This report looks at skills issues facing the Engineering and Manufacturing sector in Lincolnshire. Employing 16% of the workforce (GLLEP, 2010), the Engineering and Manufacturing sector plays a key role in the Greater Lincolnshire area. However, in line with national and global trends, recent feedback from the sector has identified skills, particularly at higher management level, as a major barrier to growth. In order to inform their response to this issue, particularly in this key growth industry, the Lincolnshire and Rutland Employment and Skills Board, on behalf of the GLLEP, commissioned FMC to provide a better understanding into Skills as a barrier to growth. Face to face consultations were conducted across March and April 2012, providing depth of insight into the scope, and potential resolution, of the current skills gap in engineering and manufacturing, covering: 1) What employers mean when they report skills as a barrier to growth, 2) Which skills and at what level employers as facing the most difficult problems, 3) The impact on local businesses, and 4) The characteristics of a support programme that would help to address this issue.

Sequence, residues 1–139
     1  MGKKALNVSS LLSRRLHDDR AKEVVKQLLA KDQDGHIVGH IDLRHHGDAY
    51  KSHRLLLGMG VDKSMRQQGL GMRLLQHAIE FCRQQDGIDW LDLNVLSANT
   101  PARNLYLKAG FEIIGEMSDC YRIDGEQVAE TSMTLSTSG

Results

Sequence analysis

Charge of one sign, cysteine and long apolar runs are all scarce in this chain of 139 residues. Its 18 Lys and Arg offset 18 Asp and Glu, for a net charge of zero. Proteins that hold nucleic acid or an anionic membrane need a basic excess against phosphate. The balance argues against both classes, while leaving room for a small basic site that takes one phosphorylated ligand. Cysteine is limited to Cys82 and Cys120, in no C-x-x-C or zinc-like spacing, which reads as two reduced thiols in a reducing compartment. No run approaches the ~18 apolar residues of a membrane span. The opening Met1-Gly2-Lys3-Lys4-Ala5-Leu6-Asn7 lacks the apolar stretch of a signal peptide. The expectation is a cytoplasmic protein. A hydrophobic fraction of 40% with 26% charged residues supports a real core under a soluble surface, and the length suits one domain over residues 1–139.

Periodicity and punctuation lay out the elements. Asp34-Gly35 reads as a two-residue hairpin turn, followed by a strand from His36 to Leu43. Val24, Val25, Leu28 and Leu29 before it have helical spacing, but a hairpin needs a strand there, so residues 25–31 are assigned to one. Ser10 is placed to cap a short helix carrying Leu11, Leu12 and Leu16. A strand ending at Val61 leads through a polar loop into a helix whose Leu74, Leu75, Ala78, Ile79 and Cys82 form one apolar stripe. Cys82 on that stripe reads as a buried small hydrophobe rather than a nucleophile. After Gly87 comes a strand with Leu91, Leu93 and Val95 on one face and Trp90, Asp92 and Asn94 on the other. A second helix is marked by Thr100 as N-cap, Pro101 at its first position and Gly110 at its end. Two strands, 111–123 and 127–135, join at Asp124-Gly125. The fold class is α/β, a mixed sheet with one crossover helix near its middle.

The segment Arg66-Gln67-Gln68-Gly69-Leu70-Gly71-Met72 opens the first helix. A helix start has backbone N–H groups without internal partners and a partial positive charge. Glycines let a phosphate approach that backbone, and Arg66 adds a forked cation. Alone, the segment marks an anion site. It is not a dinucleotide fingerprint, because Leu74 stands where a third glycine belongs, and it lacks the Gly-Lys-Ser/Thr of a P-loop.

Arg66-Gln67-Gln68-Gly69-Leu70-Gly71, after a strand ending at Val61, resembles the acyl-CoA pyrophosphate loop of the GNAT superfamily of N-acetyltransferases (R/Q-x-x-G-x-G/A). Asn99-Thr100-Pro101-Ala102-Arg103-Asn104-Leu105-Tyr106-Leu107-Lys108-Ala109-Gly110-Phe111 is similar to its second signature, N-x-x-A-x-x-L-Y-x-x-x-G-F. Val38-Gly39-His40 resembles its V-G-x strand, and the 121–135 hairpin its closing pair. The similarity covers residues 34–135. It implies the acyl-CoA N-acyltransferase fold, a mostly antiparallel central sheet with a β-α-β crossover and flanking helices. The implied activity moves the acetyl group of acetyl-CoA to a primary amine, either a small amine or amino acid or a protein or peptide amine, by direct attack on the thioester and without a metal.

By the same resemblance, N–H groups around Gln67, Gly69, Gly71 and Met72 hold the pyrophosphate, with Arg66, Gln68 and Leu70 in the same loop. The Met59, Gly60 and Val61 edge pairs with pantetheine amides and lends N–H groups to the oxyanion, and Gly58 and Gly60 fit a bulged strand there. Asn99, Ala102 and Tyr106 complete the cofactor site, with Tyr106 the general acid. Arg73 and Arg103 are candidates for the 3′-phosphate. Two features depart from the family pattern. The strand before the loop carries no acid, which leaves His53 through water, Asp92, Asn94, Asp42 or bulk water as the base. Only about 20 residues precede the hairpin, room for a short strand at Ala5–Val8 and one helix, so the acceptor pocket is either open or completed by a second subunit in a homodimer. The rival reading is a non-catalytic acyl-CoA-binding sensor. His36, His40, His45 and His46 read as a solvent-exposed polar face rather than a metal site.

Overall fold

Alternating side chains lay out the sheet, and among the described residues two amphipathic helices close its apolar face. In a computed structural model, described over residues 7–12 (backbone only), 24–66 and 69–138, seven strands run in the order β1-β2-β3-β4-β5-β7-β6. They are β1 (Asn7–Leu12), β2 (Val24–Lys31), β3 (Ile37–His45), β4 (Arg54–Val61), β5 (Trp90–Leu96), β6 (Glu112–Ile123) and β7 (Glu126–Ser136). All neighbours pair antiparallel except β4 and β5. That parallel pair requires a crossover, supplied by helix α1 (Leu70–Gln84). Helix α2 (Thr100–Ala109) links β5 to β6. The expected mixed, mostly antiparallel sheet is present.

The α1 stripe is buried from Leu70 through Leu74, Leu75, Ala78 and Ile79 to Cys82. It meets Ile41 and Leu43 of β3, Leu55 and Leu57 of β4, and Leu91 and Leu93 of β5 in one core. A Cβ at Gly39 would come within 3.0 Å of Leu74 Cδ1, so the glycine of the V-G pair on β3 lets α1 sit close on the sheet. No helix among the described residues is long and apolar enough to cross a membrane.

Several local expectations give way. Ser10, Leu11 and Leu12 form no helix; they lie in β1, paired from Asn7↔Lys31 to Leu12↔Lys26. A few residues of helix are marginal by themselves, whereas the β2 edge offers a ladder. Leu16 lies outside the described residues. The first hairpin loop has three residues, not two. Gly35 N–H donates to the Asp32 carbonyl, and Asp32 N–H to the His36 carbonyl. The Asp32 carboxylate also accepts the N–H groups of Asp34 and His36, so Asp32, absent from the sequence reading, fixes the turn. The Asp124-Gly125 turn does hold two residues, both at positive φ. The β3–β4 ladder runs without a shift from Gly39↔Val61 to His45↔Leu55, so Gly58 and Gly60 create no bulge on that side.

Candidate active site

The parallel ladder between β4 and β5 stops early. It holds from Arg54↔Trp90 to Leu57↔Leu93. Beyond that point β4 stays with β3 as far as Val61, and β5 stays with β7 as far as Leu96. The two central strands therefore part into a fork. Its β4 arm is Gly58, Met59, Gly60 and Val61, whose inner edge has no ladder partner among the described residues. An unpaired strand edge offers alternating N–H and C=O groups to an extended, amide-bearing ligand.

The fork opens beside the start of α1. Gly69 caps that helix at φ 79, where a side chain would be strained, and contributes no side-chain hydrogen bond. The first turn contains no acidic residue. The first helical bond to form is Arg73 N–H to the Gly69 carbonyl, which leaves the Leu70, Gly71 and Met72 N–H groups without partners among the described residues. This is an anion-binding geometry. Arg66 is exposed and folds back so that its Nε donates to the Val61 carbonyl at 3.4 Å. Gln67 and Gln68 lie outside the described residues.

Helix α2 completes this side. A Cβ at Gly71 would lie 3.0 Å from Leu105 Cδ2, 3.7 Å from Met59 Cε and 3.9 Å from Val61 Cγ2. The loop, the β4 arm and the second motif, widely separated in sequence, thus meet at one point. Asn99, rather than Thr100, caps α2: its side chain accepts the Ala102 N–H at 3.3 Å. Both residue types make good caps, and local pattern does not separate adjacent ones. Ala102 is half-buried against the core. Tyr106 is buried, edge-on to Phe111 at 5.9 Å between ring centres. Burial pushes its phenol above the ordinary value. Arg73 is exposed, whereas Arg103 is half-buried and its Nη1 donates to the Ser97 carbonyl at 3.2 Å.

Skills and the Local Tourism and Visitor Economy in Lincolnshire
This Intelligence Report (April 2012) Commissioned by the Lincolnshire & Rutland Employment and Skills Board (ESB) on behalf of the Greater Lincolnshire Local Enterprise Partnership (GLLEP), seeks to address the key question of whether or not Skills gaps are substantially hindering the local visitor economy. The report details certain challenges relating to employment and skills issues such as recruitment, retention and workforce development, but overall suggests Skills gaps are not a major hindrance to growth prospects across the whole local Visitor Economy. This general finding is not universal though, with the eastern coastal strip being identified as one area facing particular challenges. The report concludes by detailing some key challenges and opportunities, so giving focus and guidance for future actions on some of these issues.